Aiden P. Foster, MRCVS (Bristol) and Douglas J. DeBoer, DVM, DACVD (Wisconsin)
Compendium on Continuing Education Volume 20 #8 August 1998 pp.909-918
Pseudomonas bacteria are an important cause of chronic otitis externa and media in dogs.
The topical application of a tromethamine (Tris)-ethylenediaminetetraacetic acid (EDTA) buffer solution can be used as part of a program to prevent relapse of Pseudomonas infections.
Ethylenediaminetetraacetic acid (EDTA) has a direct bactericidal action against P. aeruginosa by chelating metal ions important for the integrity of the bacterial cell wall. EDTA stimulates the release of cell wall lipopolysaccharides, proteins, and other cell contents.
Buffer solutions containing tromethamine (Iris) have been used to enhance the effects of EDTA on P. aeruginosa. In vitro studies of P. aeruginosa isolated from dogs with otitis externa have demonstrated bactericidal activity with a Tris-EDTA buffer solution. This bactericidal effect is synergized with neomycin or amikacin. The EDTA binds to metal ions, which compete with aminoglycosides for cell-wall receptors that allow them both into the bacteria. In vitro studies have shown that Tris-EDTA is less effective at inhibiting gram-positive than gram-negative bacteria; this may be because gram-positive bacteria have less phospholipid and more peptidoglycan in the cell wall compared with gram-negative bacteria. The optimal pH for the activity of aminoglycosides and Tris-EDTA buffer approximately 8.0. The combination of aminoglycosides and Tris-EDTA is effective against bacteria implicated in otitis, including Staphylococcus intermedius, Proteus mirabilis, Escherichia coil, and P. aeruglnosa. These buffer solutions are not recommended for yeast organisms (e.g. Candida albicans) and therefore are unlikely to be effective against Malassezia. An experimental model of canine otitis externa with Pseudomonas infection demonstrated the usefulness of a solution of EDTA, Tris, and lysozyme. Of 11 dogs that completed the 3-week study; 2 were still infected at the end of the study, 5 had smaller numbers of bacteria, and 4 were cured. A clinical study of the use of Tris-EDTA with antimicrobial reagents suggested possible synergistic effects in treating dogs with chronic otitis externa and bacterial ear infections unresponsive to antimicrobial agents alone.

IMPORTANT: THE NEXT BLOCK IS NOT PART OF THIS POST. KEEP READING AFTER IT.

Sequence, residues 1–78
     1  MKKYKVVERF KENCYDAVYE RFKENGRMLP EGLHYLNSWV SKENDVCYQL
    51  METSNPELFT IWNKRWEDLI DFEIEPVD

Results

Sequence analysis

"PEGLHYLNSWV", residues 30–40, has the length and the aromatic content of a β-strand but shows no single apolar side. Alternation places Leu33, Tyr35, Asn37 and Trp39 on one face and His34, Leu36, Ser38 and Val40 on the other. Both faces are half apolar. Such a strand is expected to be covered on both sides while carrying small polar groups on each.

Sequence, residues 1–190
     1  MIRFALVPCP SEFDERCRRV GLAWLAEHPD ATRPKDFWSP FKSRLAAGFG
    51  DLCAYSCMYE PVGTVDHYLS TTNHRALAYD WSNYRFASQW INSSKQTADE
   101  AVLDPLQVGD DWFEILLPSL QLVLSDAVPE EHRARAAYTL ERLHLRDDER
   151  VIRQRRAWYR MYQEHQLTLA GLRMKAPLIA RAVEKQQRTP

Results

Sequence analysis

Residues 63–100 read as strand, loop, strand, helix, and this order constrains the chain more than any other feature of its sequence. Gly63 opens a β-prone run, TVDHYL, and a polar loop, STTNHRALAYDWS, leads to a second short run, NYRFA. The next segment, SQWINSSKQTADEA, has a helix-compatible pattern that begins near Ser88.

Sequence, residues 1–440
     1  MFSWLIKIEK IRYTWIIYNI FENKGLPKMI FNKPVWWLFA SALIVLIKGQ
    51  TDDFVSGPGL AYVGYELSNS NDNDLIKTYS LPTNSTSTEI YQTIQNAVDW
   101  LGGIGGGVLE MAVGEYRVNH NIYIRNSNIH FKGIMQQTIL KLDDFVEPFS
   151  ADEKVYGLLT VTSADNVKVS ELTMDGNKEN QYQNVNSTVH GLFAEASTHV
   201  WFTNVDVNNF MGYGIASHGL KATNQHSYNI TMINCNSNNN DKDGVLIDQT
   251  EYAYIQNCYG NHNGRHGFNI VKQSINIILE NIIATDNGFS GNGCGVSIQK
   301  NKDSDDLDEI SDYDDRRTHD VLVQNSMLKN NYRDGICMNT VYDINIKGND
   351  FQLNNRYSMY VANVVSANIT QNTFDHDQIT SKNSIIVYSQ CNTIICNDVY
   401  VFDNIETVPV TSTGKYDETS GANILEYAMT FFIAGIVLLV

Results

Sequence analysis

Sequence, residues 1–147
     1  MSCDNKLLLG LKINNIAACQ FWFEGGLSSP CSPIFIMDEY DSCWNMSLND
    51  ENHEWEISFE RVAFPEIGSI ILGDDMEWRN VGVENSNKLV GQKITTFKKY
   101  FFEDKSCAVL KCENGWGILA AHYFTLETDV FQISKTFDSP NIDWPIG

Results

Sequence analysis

Tris-EDTA buffer solutions are valuable as a long-term therapy for preventing the recurrence of Pseudomonas infection, either as part of a regular ear cleaning regimen or as a presoak before placing antibacterial solution into the ear canal. Such solutions are typically applied two to three times per week as needed.
After the bacterial infection has resolved, the frequency of topical ear medication can be reduced in anticipation of using a regular maintenance regimen (e.g. Tris-EDTA solution, applied twice weekly, may help to prevent regrowth of Pseudomonas). We have occasionally observed dramatic overgrowth of Malassezia yeast during aggressive antibiotic treatment of Pseudomonas otitis externa. Such overgrowth typically occurs 4 to 6 weeks into treatment, when the bacterial infection is nearly resolved. This situation is readily recognized if ear cytology is performed during recheck evaluations. The problem becomes self-limiting after antibiotics are discontinued. (Ed note.) Brief treatment with the DermaPet Ear/Skin Cleanser (2% acetic/2% boric acid) may be necessary.